The Mornington Peninsula in Victoria, Australia, is producing beautiful Pinot Noirs from a variety of new and well-established wineries. Roger Jones explores what’s on offer
Pinot Noir is certainly having a great time in the market, whether it is the traditional wines from Burgundy or the New World upstarts from South Africa, New Zealand and Australia.
With its modern style of clean, vibrant flavours, this is definitely a wine for all seasons. It’s more fruit-dominated than earthy, with a hedonistic perfume and a luscious but delicate mouth feeling of berry juice. It can be drunk in the height of summer for its cooling, bright flavours, or in winter to brighten up a gloomy day.
To many in the wine trade, Australian Pinot Noir conjures up thoughts of Yarra Valley, Tasmania, the Adelaide Hills and maybe even Geelong or Gippsland, thanks to a string of emerging premium producers. But it’s worth adding another region to the line-up of Pinot superstars – the Mornington Peninsula.
This region, based on the outskirts of Melbourne, has certainly been making an impact on the scene in recent years. It’s more famous in the past for being Melbourne’s foremost holiday playground, full of golf courses, but it’s now hitting the big time in wine.
It is clear that the uprising of smart cellar doors (where consumers can taste wines) and boutique restaurants in vineyards is helping to showcase this region to both locals and the international tourists that flock to the area. Today, there are more than 170 vineyards with 50 cellar doors.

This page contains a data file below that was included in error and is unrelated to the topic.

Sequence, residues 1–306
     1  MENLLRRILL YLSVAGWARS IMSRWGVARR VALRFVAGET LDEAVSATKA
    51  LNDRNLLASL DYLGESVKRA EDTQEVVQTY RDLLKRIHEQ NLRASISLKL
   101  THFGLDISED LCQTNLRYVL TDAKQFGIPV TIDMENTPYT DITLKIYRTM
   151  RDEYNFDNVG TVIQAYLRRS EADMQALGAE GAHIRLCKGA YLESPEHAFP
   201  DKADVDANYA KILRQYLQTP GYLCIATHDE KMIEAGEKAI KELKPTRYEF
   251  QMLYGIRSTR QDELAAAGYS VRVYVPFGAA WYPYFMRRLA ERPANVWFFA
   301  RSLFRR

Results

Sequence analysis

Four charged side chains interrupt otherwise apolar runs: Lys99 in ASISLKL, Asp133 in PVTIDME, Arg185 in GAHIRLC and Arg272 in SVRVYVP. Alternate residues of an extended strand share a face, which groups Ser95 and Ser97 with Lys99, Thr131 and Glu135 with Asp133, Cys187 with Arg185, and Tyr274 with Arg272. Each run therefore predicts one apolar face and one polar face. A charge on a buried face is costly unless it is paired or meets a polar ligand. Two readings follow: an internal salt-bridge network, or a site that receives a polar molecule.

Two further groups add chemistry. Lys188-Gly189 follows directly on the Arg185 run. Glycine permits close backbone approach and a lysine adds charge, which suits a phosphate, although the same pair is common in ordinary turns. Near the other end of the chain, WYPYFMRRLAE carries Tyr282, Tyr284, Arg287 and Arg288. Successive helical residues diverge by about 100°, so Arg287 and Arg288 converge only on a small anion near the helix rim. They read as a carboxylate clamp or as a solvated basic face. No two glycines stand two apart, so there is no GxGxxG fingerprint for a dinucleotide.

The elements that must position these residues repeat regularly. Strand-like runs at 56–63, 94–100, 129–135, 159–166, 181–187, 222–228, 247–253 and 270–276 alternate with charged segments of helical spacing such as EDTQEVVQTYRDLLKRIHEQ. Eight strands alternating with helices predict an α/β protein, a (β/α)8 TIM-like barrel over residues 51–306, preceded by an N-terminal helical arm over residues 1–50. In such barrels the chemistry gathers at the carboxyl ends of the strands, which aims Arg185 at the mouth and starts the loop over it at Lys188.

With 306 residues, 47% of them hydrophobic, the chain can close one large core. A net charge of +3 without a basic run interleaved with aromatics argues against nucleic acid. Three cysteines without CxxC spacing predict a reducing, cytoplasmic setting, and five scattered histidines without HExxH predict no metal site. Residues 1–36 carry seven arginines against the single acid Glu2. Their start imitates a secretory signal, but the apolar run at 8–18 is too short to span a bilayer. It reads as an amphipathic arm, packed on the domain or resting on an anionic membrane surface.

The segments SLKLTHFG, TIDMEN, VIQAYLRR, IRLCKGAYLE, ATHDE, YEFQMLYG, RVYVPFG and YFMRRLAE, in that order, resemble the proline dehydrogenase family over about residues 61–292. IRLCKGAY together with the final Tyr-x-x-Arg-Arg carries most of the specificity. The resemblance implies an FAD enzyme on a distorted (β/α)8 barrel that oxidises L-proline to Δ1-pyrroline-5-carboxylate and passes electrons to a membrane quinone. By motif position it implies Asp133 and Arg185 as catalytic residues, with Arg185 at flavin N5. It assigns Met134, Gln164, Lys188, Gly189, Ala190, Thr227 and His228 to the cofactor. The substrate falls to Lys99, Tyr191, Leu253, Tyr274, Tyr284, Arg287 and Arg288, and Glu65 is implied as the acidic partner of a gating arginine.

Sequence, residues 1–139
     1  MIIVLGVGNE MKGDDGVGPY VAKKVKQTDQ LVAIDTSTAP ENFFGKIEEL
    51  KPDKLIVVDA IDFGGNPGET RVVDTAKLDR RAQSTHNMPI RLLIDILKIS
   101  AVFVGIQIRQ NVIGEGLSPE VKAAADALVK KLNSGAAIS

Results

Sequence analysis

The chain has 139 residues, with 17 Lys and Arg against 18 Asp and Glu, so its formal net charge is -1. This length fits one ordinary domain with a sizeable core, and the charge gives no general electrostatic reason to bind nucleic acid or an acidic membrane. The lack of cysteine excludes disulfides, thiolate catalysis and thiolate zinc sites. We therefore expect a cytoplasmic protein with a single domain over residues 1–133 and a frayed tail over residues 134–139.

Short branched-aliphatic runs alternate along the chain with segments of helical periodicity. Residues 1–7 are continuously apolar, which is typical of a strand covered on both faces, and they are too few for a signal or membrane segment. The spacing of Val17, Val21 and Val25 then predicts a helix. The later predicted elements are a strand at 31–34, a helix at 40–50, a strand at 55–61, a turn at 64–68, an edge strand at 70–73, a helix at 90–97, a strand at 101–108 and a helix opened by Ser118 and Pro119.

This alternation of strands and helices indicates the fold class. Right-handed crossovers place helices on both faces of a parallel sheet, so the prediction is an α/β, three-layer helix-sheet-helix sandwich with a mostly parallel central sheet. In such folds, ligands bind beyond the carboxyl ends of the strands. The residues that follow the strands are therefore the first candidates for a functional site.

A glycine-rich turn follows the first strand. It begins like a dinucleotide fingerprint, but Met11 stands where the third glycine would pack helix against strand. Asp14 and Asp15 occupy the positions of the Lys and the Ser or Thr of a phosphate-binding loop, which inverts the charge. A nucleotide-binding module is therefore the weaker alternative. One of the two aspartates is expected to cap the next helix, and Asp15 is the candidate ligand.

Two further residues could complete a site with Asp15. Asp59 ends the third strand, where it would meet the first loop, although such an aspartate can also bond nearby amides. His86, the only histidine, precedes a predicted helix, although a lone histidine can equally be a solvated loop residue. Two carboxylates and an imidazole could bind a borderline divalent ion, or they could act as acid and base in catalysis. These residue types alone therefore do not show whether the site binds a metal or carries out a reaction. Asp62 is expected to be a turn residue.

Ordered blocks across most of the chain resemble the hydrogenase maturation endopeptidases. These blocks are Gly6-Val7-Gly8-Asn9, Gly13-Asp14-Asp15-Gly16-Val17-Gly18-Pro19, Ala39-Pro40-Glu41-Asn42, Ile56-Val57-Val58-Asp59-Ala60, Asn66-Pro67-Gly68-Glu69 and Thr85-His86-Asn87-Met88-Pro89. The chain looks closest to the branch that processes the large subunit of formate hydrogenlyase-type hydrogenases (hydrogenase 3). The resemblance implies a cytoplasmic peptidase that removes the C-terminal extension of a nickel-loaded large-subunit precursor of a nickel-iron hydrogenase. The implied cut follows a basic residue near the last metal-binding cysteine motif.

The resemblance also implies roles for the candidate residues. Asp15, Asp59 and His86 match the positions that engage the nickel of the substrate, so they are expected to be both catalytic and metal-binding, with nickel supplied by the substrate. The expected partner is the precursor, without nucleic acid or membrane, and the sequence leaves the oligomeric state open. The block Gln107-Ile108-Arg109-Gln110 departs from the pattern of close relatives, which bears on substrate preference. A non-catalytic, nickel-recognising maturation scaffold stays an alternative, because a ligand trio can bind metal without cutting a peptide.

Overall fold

The area has been producing wines for nearly 40 years and, on my first visit in early 2000, it certainly struck me as not only a fine wine area, but one of great beauty and fine food. From diving for abalone to fishing for King George whiting, as well as the incredible fruits and free-range meat, it is certainly a foodie paradise.
The region is surrounded by the sea on three sides, giving it a strong maritime climate. But sub-regionally there can be plenty of differentiation, with the Red Hill area in the south and Moorooduc at the warmer north end.
There is evidence that the proximity of the sea is a big influence on the style of the wine, with a fresher and cleaner style abounding. The winemaker can significantly challenge or change Pinot by use of new or old oak and time left on its lees.
The big names – Paringa Estate, Stonier, Kooyong, Ocean Eight, Ten Minutes by Tractor, Moorooduc Estate and Yabby Lake – are now well-recognised across the wine world, but there are always new wineries emerging. A particularly interesting example is Paramdeep Ghumman, who jumped on a plane from Bombay to Sydney to seek a new start in Australia. He was so intrigued by his first taste of alcohol – a fine glass of Champagne on the plane – that he set up his own vineyard and became a winemaker. His Nazaaray Estate winery (which means ‘beautiful visions’ in Punjabi) is now firmly established.
Paringa Estate was founded in 1984 by Lindsay McCall when he purchased a derelict orchard on Paringa Road, Red Hill. Lindsay continued his day job of teaching while he set about planting his first vines in 1985 – the first vintage was in 1988 and was a mere three tonnes. Twenty-five years on, production is now 200 tonnes, McCall has given up teaching and Paringa Estate is one of the most highly-awarded wineries in Australia.
His production includes three levels of Pinot Noir: Peninsula Pinot Noir, Estate Pinot Noir and the single-vineyard Paringa Pinot Noir.
Peninsula Pinot Noir, Paringa Estate, Mornington Peninsula 2013
The fruit for this wine was sourced from three leased Red Hill vineyards and a number of other high-quality grower vineyards across the Mornington Peninsula. This is a very attractive Pinot with that perfect blend of sweet and savoury that all top Pinots possess. There’s lovely dark cherry and plum notes, a hint of oak, soft spice and subtle mushroom notes. It has a nice acidity with a delicious silky mouth feel and a great length of flavour. It’s right up there with the best Pinots that Australia can offer.
Available from Hallgarten Druitt